Tuesday, August 26, 2008

Is French Being Left Behind?

Is French Being Left Behind?

Are schools bidding au revoir to French classes for children? The New York Times reported in March 2006 that thousands of public schools are bending to meet the requirements of No Child Left Behind by cutting resources for non-mandated subjects like foreign languages. Meanwhile, trendy Chinese has become the language du jour, and Spanish classes are enjoying a new surge in popularity as the nation grapples with immigration issues. Where does this leave French for children?

Most parents considering French for their children need no convincing of the language's merits. High above the inane cries of 'Freedom Fries' and 'English First,' French has retained its allure of sophistication, impeccability and culture. It is also the only other language besides English to be considered an official working language of the United Nations Secretariat. From truffles to François Truffaut, and the Little Prince to Camus - learning French, for children, may be the best thing to happen since they outgrew their terrible twos." (Read more)


Diane said...

Jessica, merci beaucoup! I am so glad that you found this article & are addressing this in your blog. I can tell you as a French teacher that many of us fear for our jobs. German programs are disappearing (some are long gone), and many school districts have cut or reduced French. A few years ago I left a job teaching 1st & 2nd grade French to stay home with my second child. I had the intention of returning. Instead, the program was replaced with Spanish while I was gone.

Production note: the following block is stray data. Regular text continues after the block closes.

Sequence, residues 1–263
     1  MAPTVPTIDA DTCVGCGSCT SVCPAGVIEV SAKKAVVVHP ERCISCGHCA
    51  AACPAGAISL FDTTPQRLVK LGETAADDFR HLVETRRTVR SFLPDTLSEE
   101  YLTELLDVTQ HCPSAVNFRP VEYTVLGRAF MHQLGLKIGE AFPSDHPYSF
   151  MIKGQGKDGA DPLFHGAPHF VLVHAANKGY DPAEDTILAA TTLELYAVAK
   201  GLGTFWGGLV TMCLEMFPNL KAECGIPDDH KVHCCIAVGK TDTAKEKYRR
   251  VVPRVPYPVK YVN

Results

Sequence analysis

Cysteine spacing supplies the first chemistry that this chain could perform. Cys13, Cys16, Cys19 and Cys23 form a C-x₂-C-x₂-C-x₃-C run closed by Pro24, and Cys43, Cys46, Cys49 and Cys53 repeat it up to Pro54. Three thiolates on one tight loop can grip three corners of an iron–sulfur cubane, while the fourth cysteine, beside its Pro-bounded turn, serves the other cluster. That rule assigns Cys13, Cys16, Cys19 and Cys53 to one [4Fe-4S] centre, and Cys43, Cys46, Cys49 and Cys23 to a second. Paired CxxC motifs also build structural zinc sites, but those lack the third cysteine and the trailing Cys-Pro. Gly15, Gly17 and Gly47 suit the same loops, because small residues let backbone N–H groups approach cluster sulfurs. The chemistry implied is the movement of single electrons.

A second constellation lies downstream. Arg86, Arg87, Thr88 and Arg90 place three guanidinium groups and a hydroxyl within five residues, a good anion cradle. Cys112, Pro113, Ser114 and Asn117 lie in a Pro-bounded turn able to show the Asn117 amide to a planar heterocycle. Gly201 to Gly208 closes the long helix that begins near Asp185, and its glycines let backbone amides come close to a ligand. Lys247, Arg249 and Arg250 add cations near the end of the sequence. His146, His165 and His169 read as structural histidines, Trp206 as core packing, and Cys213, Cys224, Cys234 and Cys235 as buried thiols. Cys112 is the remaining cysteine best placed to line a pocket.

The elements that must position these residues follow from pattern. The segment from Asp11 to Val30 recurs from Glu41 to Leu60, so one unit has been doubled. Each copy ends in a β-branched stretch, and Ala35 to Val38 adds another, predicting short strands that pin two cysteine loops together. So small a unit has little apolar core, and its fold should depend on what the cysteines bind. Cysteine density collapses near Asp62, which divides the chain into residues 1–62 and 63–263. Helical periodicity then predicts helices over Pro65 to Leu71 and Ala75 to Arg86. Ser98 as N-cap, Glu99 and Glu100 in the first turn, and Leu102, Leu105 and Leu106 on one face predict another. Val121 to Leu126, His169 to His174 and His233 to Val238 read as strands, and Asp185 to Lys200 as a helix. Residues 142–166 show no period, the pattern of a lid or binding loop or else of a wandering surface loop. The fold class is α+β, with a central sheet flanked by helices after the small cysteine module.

I was attending the Central States Conference on the Teaching of Foreign Languages last year, and a presenter kept apologizing for doing examples of her teaching methods in French. Finally, a few of us emphatically told her, "Don't apologize!"

There's a fantastic article I always use with my students and parents about the benefits of French. http://www.fll.vt.edu/French/whyfrench.html

Anyway, here's my take on the current situation. Spanish is important. I want my kids to know it. Mandarin Chinese is important. I want my kids to know that, too. But so is French!!! My biggest fear is that schools will prepare students in only one foreign language. How do we compete as a nation in business, science, etc. if we aren't producing speakers of MANY languages?

One theory I heard from someone in the profession is that eventually the US will be a bilingual nation (English-Spanish.) But then we will still find that we have the same needs for other foreign languages, too, in order to compete internationally. At a school I taught at in NC, many of my French students were Mexican. They already spoke English and Spanish, so they studied French as their foreign language requirement.

In NC, I hear much more Spanish than I do here in Metro Detroit. With the automotive industry, I meet native French and German speakers as much as (or more than) Spanish. Furthermore, in under an hour I can be in Canada. Still, people don't hesitate to tell me there's no need for French.

Oui, French is being left behind to some extent. But some of us are fighting hard to keep it as a choice. There are still many excellent programs out there.

Thanks for letting me vent!!! I am really grateful you brought this article to my attention. I'll be directing some people I know to this post.

Diane from foreignlanguagefun.com

We are Little Amigos said...

As a bilingual English/Spanish parent raising bilingual children, I can only hope that when they go to school that a Foreign Language other than Spanish will be available, as Spanish in their case would not be considered a FL.
I try to do my part to introduce them to as many cultures and languages as possible, Deven likes watching "finding Nemo" in French.